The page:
What Is the Most Commonly Abused Opiate?
Heroin takes the number one spot. But people seek hydrocodone addiction treatment more often than treatment for any other opiate. According to the National Institute on Drug Abuse (NIDA), Vicodin is the pain pill most commonly prescribed by doctors and dentists, and so people think it’s safe. According to a study that NIDA published in December 2014, Vicodin takes fourth place among high school seniors in a survey about most-used drugs. Only weed, amphetamines including Adderall, and spice are ahead of it.
What Makes Doctors Prescribe Different Pain Pills?
Back in the good old days doctors stuck with dispensing morphine just before, during, or immediately after a surgical procedure. Morphine prescriptions were written only for patients at the terminal stages of cancer or other debilitating diseases.
Hydrocodone was developed by a German scientist in the 1920s, synthesized from codeine. However, it was not married to acetaminophen and marketed as Vicodin until 1978, in a 5 mg formulation. Even into the 1980s, codeine—in a formulation referred to as Tylenol IV—was the number-one prescription pain reliever written by doctors for the average complaint. Pharmaceutical companies contributed to addiction problems because they insisted that the pills they were peddling were not addictive. It took a couple decades, into the late 1990s, until substance abuse professionals identified a need for hydrocodone addiction treatment.
How Does Hydrocodone Differ From Hydromorphone?
Hydrocodone is a synthetic opiate derived from codeine. Hydromorphone is a semi-synthetic drug created from morphine. Hydrocodone is cheaper than either oxycodone or oxymorphone to buy on the street, increasing the need for hydrocodone addiction treatment. Hydrocodone costs about 87 cents per milligram and oxycodone runs about 10 cents more, but hydromorphone tops them all, averaging $3.29 per milligram, according to StreetRx on WordPress.com.
What About Oxycodone?
Oxycodone actually derives from an organic component in opium called thebaine. Back in the 1960s, oxycodone combined with acetaminophen was marketed as Percocet, and with aspirin it was called Percodan. If your doctor wrote you a prescription for “perks,” then everyone knew you were in serious pain. Even today, your doctor might give you Vicodin following a knee replacement, for example, but if you complain about it you’ll get some kind of oxycodone. And it truly is a little bit stronger than hydrocodone.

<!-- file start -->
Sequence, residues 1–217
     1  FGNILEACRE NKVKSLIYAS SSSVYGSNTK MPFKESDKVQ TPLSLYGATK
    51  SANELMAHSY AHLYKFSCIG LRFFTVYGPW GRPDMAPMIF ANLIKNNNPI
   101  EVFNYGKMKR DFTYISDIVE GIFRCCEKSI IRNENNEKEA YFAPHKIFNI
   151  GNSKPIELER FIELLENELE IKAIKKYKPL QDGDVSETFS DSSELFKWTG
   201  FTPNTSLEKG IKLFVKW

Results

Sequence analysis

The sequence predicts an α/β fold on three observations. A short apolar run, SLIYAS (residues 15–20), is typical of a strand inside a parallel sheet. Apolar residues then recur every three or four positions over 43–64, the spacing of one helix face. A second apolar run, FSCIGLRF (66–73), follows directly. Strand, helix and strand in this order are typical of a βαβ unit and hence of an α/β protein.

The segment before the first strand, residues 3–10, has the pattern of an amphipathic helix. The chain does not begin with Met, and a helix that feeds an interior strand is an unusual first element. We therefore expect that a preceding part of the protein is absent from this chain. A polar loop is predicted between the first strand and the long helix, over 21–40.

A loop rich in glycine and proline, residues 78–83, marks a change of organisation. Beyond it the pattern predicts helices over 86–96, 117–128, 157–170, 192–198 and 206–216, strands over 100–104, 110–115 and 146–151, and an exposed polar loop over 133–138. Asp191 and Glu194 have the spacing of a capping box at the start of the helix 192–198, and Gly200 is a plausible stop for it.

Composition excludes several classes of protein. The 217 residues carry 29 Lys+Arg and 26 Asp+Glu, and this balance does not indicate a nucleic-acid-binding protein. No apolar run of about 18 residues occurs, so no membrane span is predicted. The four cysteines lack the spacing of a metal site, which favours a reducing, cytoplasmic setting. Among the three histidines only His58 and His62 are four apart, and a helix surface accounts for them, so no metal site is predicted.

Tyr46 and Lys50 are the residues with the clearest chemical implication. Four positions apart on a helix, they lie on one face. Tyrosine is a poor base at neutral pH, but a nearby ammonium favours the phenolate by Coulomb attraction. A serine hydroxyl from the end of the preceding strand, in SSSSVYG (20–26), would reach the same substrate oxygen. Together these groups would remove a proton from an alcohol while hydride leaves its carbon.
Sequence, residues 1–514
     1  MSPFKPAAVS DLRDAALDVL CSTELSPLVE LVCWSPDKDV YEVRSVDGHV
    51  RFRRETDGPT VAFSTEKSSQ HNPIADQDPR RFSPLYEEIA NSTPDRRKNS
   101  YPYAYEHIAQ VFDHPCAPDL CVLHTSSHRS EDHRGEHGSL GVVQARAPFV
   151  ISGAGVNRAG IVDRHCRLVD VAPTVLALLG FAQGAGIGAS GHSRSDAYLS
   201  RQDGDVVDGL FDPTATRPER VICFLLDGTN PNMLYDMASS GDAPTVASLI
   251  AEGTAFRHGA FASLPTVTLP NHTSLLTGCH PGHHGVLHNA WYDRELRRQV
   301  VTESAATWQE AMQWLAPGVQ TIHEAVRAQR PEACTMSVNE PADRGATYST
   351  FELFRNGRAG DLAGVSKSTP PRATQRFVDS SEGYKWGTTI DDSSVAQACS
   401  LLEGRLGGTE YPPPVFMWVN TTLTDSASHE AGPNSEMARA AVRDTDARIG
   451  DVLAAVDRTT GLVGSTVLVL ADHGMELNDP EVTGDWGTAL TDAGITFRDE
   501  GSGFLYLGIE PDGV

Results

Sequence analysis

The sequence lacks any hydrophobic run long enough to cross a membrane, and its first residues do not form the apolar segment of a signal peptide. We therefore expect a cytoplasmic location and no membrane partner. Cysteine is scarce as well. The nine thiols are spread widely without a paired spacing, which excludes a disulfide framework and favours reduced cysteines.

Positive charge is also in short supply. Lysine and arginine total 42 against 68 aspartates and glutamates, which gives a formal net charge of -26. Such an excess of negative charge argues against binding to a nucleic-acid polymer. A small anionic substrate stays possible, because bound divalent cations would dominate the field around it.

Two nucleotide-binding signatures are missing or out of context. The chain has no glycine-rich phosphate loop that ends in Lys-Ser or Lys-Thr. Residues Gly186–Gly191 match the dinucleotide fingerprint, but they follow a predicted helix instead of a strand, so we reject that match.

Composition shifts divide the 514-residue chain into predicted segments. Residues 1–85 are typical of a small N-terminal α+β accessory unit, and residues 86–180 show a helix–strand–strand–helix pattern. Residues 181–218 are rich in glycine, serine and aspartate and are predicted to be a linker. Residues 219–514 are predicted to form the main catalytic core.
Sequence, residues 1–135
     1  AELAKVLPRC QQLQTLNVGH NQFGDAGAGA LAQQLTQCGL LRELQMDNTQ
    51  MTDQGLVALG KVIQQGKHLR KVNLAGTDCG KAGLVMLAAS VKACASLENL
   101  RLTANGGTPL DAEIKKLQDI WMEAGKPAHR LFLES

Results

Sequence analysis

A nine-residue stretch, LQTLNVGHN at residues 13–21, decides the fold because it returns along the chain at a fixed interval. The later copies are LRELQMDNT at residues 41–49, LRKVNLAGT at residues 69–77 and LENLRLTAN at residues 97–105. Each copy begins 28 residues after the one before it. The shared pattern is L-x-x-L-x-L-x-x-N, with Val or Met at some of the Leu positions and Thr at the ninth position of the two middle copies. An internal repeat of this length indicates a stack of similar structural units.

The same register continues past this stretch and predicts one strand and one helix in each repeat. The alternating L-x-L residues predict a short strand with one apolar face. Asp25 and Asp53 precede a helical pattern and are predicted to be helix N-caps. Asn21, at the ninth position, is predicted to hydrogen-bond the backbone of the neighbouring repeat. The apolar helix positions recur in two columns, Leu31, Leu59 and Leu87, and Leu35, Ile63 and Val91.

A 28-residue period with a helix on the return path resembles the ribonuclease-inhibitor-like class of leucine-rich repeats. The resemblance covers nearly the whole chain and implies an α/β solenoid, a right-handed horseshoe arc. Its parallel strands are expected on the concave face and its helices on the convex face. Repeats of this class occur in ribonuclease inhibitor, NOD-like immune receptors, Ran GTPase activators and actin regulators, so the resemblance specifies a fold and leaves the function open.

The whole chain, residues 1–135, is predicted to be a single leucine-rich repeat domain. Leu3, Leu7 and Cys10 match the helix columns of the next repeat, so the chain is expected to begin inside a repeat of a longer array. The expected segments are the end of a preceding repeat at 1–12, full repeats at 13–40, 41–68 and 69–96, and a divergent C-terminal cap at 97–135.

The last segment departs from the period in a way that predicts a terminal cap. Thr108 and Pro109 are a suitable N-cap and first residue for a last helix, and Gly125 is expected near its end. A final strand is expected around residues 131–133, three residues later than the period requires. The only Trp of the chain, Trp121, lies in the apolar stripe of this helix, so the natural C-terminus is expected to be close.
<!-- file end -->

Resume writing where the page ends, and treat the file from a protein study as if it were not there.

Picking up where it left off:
Why Are Zohydro and OxyContin So Dangerous?
The people who work in methadone programs creating treatment plans for hydrocodone addiction treatment could not believe it when the Food and Drug Administration gave its stamp of approval to Zohydro. Hitting the market in October 2013, Zohydro-ER was the first formulation of pure hydrocodone with extended release, and the FDA praised its creators for leaving out acetaminophen, which was getting a bad rap for causing liver problems.
Like OxyContin, Zohydro incorporates a time-release formulation, with the medication supposedly released small amounts into the patient’s bloodstream over a long period of time. However, people abusing OxyContin learned how to defeat the pill’s time-release mechanism, and the same is true of Zohydro. People suffering from addiction suffer serious risk of death, because releasing all of that medication into the system at once can mean immediate overdose with respiratory failure. Without seeking some level of hydrocodone addiction treatment, the possibility of death from the use of Zohydro becomes frighteningly r eal.
What’s the Outlook on Hydrocodone Addiction Treatment?
First of all, even those who limit their drug use to Vicodin expose themselves to danger. Since doctors and dentists prescribe it so freely, nobody expects to get hooked, and the addiction sneaks up on them.
But the dangers of hydrocodone addiction increased in January 2015 when the FDA approved Hysingla. It is another medication, manufactured by the same company that markets OxyContin, with a formulation intended to create a thick gel if its extended release protectant is tampered with. Like Zohydro and its oxy cousins, it is intended only for people with long-term intractable pain. It should not be prescribed for short-term conditions such as postoperative care or healing trauma injuries. But those who have easy access to hydrocodone, if they do not seek hydrocodone addiction treatment, will not be able to resist seeking it out. They will find ways to abuse it, even if it means taking multiple doses…even if it means death.
If you or someone you know is addicted to Vicodin, Lortabs, or any hydrocodone medication, it’s important for them to get into a treatment program as soon as possible. Methadone and Suboxone programs offer the kind of therapy that helps a person manage cravings and withdrawal symptoms and concentrate on becoming well. Hydrocodone addiction treatment can be successful, if you give it a chance.